Thus, while pressure relief valves are advantageously employed in cooling systems, they must be carefully constructed and periodically attended to at reasonably close periods in order to ensure completely satisfactory and optimum operation. This, of course, results in an attendant inconvenience, expense and the like and may, of course, result in damage to the engine if the periodic maintenance is overlooked.

SUMMARY OF THE PRESENT INVENTION The present invention is particularly directed to an improved marine engine coolant pressure relief valve which establishes a very large stroke in response to a selected pressure and minimizes danger of trapping of contaminating or foreign matter within the valve structure. Generally, in accordance with the present invention, a pressure responsive amplifying means is coupled to the pressure relief valve and responds to the initial opening of the relief valve to effect a relatively snap action wide flow opening, with the valve member moving outwardly with a relatively long stroke. This provided ready passage of the foreign material through the relief valve and minimizes possible build-up as. a result of trapped foreign matter such as encountered in the relatively small flow passageway heretofore provided. Further, the relatively long stroke of the valve member tends to produce a self-cleaning valve construction. Any debris or foreign matter which is caught within the assembly is whipped and chopped to a fine state by the long, and rapid opening, stroke ofthe valve member and removed as a result of the flow through the relief valvestructure. 1

In accordance with a particularly novel construction, the pressure relief valve of the present invention is provided with a resilient bias to a closed position in combination with a diaphragm operator which is connected to sense and respond to the water discharge pressure of the system and to provide large, significant movement of the valve at a selected pressure; In a particularly practical construction, a valve member is connected to a stem member and is spring loaded to engage a valve seat formed in the side wall of the water cooling passageway in close spaced relation to a thermostatic valve means. The stem extends outwardly through a water discharge chamber directly in communication with the discharge passageway on the outlet side of the thermostatic valve means. A diaphragm operator is coupled to the outer end of the valve stem and is sealed to form a wall of the water discharge chamber. The outer surface of the diaphragm is exposed to the atmosphere and is normally provided with an outer'protective cover. The discharge chamber is normally under a slight water exhaust or discharge pressure whenever the thermostatic valve is open and thus creates a very slight pressure on the diaphragm which is balanced .by the closure spring or other suitable resilient means. In operation, the spring will hold the pressure relief valve closed until such time as the pump creates a pressure within the cooling system sufficient to overcome the force of the spring. At that point the relief valve begins to open and transmits the internal discharge passageway pressure to the discharge chamber. This results in the diaphragm operator rapidly moving outwardly and establishing the full open position of the relief valve, which reduces the internal passageway pressure.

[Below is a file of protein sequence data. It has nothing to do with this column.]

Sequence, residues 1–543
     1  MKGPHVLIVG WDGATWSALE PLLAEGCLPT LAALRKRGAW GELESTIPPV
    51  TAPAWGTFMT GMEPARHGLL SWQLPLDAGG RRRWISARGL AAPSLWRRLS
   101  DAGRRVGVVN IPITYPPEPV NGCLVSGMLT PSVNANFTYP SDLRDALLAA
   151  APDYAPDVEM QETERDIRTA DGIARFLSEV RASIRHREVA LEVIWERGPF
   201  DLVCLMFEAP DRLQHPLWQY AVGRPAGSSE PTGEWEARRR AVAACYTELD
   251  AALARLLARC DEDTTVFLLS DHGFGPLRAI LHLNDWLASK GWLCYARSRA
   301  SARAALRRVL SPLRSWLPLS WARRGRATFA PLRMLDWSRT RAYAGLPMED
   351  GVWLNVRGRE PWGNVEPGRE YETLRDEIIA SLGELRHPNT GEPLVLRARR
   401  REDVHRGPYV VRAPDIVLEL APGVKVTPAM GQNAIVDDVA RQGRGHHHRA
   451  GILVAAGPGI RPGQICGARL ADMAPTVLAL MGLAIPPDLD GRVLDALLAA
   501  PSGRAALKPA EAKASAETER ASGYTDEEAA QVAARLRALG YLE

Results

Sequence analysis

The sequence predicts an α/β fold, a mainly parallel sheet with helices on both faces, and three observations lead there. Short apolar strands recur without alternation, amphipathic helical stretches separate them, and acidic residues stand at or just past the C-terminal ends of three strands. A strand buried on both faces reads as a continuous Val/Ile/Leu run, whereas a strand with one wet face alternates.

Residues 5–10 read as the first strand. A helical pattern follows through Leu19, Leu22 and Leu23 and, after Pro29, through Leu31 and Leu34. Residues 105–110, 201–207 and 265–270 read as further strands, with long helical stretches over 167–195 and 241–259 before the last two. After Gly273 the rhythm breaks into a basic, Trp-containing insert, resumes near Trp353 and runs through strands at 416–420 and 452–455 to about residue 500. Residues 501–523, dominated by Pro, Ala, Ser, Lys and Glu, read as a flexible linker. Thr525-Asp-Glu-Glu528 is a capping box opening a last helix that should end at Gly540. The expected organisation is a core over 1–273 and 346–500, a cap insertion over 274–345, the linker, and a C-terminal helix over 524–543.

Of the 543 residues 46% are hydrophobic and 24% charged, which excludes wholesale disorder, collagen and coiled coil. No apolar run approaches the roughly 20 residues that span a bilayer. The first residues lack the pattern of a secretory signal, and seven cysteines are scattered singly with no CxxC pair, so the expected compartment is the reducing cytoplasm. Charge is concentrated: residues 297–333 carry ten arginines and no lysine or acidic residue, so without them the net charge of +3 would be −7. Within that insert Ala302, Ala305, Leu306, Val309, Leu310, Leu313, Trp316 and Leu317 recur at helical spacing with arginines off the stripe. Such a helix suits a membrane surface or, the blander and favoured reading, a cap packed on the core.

In a practical construction, the diaphragm can be readily constructed to produce a stroke on the order of several tenths of inches to establish a very significant relief valve opening. This permits the free passage of contaminating material such as weeds and other debris relatively freely through the valve.